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Neurology. 1996 Aug;47(2):347-52.

Clinical concordance in sibling pairs with multiple sclerosis.

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  • 1University of Cambridge Neurology unit, Addenbrooke's Hospital, England.


As part of a linkage study, we obtained clinical, demographic, and genetic information on 210 families with siblings concordant for multiple sclerosis (MS). Twenty-eight pairs were excluded and information was incomplete in a further 16 pairs; intrafamilial comparisons of the clinical course are reported on the remaining 166 families (155 pairs and 11 trios) in whom complete data sets were available. The demographic characteristics were comparable to those of recently performed prevalence studies in the United Kingdom, supporting the application of results in these families for genetic linkage studies in MS. We observed no significant correlation for age at onset after correction for selection bias but found a minor correlation for year at onset, which we speculate is due to earlier recognition of symptoms in second affected siblings. There was no pair-wise concordance for presenting symptoms or disability at time of assessment. However, there was a strong correlation for disease course and to a lesser degree for gender. In addition, the familial recurrence rate was 33%, almost twice that previously recorded in a local prevalence study. These results suggest that the etiology of MS involves random exposure to an, as yet unidentified, environmental trigger and the clinical features of familial disease are modified by inherited factors. That the risk of developing MS is not spread uniformly among families has important implications for the counseling of individuals with familial disease.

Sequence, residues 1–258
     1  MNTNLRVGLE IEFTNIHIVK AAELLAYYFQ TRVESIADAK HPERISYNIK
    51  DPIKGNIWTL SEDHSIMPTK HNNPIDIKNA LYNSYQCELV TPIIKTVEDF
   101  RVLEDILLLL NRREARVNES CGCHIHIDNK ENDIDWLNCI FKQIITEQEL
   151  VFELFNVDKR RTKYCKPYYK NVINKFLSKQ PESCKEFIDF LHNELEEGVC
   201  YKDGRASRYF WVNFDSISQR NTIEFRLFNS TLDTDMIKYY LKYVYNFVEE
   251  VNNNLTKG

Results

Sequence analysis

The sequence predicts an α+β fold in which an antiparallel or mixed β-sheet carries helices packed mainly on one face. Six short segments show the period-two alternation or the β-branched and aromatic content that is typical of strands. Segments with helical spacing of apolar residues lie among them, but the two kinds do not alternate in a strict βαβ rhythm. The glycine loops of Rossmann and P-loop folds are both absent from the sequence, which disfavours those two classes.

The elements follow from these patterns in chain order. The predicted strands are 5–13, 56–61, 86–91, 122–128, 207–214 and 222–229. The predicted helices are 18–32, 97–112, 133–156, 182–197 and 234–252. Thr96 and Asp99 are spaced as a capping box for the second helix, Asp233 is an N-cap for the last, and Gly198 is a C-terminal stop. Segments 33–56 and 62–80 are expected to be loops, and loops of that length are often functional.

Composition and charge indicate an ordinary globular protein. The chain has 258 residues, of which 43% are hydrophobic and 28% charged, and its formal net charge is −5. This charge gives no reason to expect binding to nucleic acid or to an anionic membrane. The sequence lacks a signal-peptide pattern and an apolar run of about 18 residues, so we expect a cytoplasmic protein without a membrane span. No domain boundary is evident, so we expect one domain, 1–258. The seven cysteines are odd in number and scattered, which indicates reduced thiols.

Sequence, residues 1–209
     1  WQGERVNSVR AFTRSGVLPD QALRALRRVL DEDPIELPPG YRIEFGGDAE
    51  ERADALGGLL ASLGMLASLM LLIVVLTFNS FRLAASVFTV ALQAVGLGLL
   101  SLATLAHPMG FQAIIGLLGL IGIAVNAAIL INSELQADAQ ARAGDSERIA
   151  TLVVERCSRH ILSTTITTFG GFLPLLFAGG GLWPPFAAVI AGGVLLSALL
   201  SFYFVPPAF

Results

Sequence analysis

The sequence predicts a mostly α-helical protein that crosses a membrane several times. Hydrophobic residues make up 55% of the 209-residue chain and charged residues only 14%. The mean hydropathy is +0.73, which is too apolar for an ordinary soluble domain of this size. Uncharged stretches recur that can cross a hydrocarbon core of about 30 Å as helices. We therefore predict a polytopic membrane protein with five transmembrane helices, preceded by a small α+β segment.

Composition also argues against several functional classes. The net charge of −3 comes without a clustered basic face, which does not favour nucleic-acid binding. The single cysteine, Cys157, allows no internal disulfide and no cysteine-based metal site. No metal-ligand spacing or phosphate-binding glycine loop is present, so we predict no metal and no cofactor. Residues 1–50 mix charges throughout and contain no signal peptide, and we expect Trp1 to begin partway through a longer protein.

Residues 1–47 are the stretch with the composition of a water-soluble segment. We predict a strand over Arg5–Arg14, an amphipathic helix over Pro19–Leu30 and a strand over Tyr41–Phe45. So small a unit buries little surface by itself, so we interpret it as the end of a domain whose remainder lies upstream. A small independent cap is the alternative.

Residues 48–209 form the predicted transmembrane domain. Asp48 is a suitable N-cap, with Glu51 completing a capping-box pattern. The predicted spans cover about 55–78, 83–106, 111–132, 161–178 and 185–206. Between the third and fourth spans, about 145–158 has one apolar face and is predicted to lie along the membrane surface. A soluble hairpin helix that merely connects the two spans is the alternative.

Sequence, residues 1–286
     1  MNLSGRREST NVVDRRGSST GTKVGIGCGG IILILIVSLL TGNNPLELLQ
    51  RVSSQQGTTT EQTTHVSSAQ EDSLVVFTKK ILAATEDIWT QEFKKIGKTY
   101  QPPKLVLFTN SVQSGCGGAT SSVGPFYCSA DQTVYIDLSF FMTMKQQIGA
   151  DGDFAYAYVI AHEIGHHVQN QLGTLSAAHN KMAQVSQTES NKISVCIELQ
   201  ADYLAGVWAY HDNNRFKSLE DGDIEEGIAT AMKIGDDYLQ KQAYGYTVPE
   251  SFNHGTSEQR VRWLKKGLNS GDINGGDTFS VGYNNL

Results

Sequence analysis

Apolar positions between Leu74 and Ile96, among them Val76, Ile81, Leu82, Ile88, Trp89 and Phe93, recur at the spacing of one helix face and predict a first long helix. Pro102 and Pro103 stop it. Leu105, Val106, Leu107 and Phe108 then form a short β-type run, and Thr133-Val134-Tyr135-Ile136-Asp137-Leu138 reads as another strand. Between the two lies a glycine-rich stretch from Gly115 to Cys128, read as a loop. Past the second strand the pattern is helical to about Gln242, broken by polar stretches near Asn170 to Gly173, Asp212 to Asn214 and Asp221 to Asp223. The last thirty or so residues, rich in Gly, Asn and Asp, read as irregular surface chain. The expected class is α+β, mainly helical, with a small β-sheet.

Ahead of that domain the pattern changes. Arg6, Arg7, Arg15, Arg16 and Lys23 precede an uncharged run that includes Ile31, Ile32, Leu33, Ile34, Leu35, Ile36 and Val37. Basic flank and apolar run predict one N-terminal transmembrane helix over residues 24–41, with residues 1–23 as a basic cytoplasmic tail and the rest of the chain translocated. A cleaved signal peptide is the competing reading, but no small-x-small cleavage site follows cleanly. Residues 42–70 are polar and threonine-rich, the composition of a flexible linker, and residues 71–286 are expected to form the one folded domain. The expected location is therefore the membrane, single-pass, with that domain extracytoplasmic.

[PubMed - indexed for MEDLINE]
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